January 17, 2018

If you've been keeping up on the B&R Journal, you'll start to notice a pattern. We continue to drive home the principles of formality in deciding how to dress yourself for the day. One of the most difficult concepts to master, in dressing appropriately, and with style, is the scale of formality -- Are you dressed appropriately for the occasion? For this week, we're going to discuss how texture, not just pattern, can inform the formality of an outfit.

Take a look at the image above. There are 3 cloths above that can be identified as the most formal. Can you tell which three? The answer is, the birdseye, houndstooth, and gingham check. The reason for this is the finishing of the cloth. All three of these cloths are worsted- the smoothest, most refined finish for a woolen.

Moving down the scale, there are six cloths that take up the middle -- the flannel, chalk stripe, windowpane, pinstripe, hopsack, and glen plaid. All but the hopsack are a refined flannel. Not too fuzzy (brushed is the technical term for that texture), but just enough to make them stand apart from the worsteds of the previous group. 

Chalk Stripe

Finally, we have the Donegal, herringbone, and Prince of Wales rounding out the scale. The first two land this side of the scale because they have the rough, heavily textured finish inherent in tweeds. The PoW has a slightly smoother finish, but the linen makeup of the cloth means that it will be crunchy and will carry the wrinkles that give linen it's charm. 

PoW

One final note to consider, that will really help with this topic: consider the historical use of the cloth. What were the cloths used for, in the past? This is especially helpful in identifying the more casual cloths. Tweeds were historically worn in the countryside and during sport - heavy, tough cloth for traipsing through the forests or fields, on a hunt. Linens as lounge suits in the summer time or laid back life in tropical climates.

There are many more factors that determine the formality of an outfit. Here we covered the texture of the cloth the garment is made of, but there is also the pattern, weave, and the current season, that matter in determining what's appropriate to wear. Keep an eye out on the B&R Journal, and we'll cover it all. If you have an immediate question about something, give us a shout. You can reach us on Instagram, Twitter, or Facebook, but you can also reach out to one of our Style Consultants by contacting a store, or emailing us here at journal@beckettrobb.com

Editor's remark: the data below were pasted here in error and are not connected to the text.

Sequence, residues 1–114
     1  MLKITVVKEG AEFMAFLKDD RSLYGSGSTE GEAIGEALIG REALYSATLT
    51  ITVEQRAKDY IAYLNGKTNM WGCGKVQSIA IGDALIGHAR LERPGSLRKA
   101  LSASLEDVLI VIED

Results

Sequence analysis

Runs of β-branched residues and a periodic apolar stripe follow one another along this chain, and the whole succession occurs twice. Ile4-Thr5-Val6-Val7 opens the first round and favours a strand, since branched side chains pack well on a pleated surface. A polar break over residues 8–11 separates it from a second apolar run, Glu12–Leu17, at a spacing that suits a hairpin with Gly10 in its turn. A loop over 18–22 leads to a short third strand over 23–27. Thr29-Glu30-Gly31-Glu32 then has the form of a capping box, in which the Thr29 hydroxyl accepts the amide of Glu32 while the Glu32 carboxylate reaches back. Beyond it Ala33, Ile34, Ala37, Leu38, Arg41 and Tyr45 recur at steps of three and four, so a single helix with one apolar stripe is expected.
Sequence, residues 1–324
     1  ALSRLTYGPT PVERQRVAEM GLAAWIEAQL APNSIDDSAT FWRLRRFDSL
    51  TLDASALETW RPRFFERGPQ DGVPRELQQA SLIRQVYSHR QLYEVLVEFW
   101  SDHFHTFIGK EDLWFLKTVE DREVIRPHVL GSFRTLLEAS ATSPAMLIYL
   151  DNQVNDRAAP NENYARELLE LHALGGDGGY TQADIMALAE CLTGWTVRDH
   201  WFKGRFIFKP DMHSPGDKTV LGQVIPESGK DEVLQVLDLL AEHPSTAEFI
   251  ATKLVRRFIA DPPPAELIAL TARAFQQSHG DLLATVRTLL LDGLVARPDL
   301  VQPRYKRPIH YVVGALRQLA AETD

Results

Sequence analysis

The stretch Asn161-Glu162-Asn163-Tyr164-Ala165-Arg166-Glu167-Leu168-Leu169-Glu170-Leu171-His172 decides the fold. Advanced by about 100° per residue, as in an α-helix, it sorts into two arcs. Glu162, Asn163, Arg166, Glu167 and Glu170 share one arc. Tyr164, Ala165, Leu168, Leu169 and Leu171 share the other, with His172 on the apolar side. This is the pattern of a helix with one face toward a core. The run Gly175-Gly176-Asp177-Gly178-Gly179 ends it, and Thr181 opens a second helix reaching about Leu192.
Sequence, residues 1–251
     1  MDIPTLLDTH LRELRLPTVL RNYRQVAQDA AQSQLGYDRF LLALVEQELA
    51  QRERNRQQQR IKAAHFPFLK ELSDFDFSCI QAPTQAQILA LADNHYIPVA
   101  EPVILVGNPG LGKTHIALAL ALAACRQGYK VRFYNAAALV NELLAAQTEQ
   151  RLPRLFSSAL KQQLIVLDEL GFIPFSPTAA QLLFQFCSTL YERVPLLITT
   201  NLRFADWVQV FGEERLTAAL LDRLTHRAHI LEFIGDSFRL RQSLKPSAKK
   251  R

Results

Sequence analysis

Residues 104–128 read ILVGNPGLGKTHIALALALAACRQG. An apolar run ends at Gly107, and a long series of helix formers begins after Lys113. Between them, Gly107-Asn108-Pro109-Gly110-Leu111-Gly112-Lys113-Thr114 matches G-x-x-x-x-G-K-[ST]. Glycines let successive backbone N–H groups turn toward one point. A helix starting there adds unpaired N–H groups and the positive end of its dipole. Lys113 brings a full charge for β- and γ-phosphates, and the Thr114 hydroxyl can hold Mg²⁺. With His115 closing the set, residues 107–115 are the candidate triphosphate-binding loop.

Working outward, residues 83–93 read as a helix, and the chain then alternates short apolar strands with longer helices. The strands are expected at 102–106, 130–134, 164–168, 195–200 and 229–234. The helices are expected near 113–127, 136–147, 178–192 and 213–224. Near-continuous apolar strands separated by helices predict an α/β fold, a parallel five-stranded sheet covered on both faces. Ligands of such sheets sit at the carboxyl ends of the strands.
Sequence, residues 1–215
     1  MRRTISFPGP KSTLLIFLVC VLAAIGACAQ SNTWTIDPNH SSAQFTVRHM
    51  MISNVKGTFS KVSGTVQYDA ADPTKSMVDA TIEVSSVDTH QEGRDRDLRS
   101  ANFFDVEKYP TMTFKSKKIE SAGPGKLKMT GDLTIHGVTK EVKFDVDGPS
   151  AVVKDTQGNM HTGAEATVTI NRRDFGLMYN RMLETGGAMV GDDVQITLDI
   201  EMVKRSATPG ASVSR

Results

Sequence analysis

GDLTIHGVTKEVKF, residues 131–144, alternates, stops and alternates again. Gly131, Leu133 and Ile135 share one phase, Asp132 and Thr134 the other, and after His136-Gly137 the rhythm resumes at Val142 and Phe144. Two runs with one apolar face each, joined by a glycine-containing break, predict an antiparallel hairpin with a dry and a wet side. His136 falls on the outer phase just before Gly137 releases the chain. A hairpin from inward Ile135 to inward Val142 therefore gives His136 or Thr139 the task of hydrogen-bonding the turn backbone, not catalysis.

Leave a comment

Comments will be approved before showing up.


Also in The B&R Journal

Building a Wardrobe: Versatility
Building a Wardrobe: Versatility

January 24, 2018

When you begin investing in a wardrobe of high quality, stylish clothes, it's best to start with versatile pieces that will serve you well, as you build. You'll notice the topic come up, over and over, here on the B&R Journal. Start with versatile pieces to keep from getting overwhelmed as you figure things out.
Read More
Building a Wardrobe: The Basics of Suit Colors and Patterns
Building a Wardrobe: The Basics of Suit Colors and Patterns

January 10, 2018

As you begin to build a wardrobe with higher quality, better fitting clothes, you'll appreciate it more if you keep two principles in mind: ease and versatility. Buy things that can match with some of your older items (until you can phase them out), and don't overwhelm yourself by going too advanced (keep it simple).
Read More
Navy Blazer Versatility
Versatility of the Navy Blazer

December 26, 2017

A couple of weeks ago we gave you the ultimate guide to decide whether your suit jacket can be worn as a sport coat/blazer. In the guide we suggested you consider investing in a versatile sport coat or blazer. Now, we're going to show you a fantastic option for your first non-suit jacket purchase...
Read More

Subscribe

Size Chart





Join Us